It’s 11 pm on a wet and blustery Saturday night in a coastal city on the west coast of Ireland. Near the Waterfront in the city stands a non-descript pub similar to the hundred others that dot the city. Inside are the usual late-night revellers enjoying their favourite tipple. The generally older clientele means a lot of Guinness is on display. All this seems fairly usual.
Enter a quartet of young people who stand out on entering the pub. A clear group of misfits, it’s hard to tell what it is they’re doing in this old people’s pub. The group, a Congolese male, a Spanish female, a Venezuelan female and an Afro-Cuban male, make their way to the back of the pub ignoring the loud revellers downing their tipple with soft Irish folk music playing in the background. They disappear behind a double door and soon get ushered into a different world.
In the centre of the room they enter, a wooden dancefloor bears the reflection of strobe lights that bounce around the walls and the floors. Several dancers sway rhythmically and methodically to loud music coming out of speakers that surround the dance floor. The quartet proceeds to take off their jackets and change their footwear into something more appropriate for what is about to take place. The music ends and the floor empties out.
‘Azucar!’ the singer belts out from the speakers as the dancers rush to partner up and fill up the dance floor in an instant. They dance energetically with such joy and deep, heartfelt rapture. The singer is Celia Cruz who, despite being dead for the last 17 years, fills thousands of dance floors with millions of feet across the world once the sound of her majestic voice comes alive on a speaker. From dark-skinned to fair-skinned, Portuguese and English speaker, rich or poor, many are moved by the voice of Celia Cruz. I’ve personally witnessed this happen to people of all shapes, sizes and inclinations on four different continents.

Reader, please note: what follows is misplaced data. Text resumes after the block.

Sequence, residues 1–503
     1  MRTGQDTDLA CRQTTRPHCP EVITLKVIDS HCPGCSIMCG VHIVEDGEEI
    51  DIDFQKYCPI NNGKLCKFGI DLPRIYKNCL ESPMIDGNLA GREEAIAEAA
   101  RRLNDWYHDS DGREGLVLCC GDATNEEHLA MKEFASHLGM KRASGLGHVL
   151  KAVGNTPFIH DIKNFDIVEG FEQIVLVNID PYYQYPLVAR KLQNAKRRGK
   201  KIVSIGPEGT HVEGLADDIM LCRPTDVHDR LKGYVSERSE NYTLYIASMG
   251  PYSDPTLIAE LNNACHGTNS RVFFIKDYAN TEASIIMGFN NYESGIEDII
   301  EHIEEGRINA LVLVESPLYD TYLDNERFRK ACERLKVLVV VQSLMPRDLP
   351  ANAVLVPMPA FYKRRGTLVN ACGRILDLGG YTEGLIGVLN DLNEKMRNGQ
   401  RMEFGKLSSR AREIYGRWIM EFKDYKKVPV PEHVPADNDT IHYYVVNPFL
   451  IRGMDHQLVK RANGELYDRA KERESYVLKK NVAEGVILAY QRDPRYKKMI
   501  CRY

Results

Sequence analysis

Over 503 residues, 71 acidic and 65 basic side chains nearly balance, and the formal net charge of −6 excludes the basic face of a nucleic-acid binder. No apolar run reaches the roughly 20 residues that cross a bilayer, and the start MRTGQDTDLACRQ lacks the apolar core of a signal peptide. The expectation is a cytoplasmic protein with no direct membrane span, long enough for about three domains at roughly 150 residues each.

Celia Cruz was a 2-time Grammy-winning Cuban singer who always paid homage to her African roots. Her career spanned 60 years and produced several hit records and classics that continue to wow millions till this day. She sang with the famed Fania all-stars for a time and toured the world over. In one instance, they took their show to Zaire in 1974 before an 80,000 strong crowd in a music festival organized as part of the famed Ali and Foreman rumble in the jungle.
Her 1967 cover of Guantanamera is probably one of her more well-known songs to many Nigerians.
What many are however oblivious to is her great popularity and success. She defined the salsa genre and went on to be dubbed the queen of Salsa and indeed Latin music. In 2016 she won a Grammy Lifetime award for her outstanding contribution to music. Her life and music were inspirational to many.